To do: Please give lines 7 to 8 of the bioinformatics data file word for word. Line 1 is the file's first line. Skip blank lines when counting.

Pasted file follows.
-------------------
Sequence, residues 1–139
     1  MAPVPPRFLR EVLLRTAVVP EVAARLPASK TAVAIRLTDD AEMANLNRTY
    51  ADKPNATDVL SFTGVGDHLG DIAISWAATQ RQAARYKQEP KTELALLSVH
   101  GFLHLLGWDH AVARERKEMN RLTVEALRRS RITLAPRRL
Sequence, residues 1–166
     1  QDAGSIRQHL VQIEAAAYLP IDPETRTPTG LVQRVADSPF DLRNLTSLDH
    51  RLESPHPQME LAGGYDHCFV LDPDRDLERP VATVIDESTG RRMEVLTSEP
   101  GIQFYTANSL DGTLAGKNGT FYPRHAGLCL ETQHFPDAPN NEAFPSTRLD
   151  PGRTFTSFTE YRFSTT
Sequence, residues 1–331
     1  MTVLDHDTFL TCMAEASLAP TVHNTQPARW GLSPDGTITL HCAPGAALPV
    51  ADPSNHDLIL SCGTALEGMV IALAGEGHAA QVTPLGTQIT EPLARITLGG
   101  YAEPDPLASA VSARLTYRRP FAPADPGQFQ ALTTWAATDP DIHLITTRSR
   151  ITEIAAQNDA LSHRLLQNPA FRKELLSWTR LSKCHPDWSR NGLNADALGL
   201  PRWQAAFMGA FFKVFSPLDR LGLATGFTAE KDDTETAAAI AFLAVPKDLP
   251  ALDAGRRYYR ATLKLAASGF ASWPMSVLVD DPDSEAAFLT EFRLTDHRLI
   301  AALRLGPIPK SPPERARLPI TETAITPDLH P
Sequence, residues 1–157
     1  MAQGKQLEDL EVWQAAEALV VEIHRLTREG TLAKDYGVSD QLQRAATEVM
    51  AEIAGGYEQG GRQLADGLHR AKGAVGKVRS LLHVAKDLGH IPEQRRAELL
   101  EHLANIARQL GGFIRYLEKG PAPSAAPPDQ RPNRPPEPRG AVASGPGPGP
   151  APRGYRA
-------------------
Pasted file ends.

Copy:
    51  RLESPHPQME LAGGYDHCFV LDPDRDLERP VATVIDESTG RRMEVLTSEP
   101  GIQFYTANSL DGTLAGKNGT FYPRHAGLCL ETQHFPDAPN NEAFPSTRLD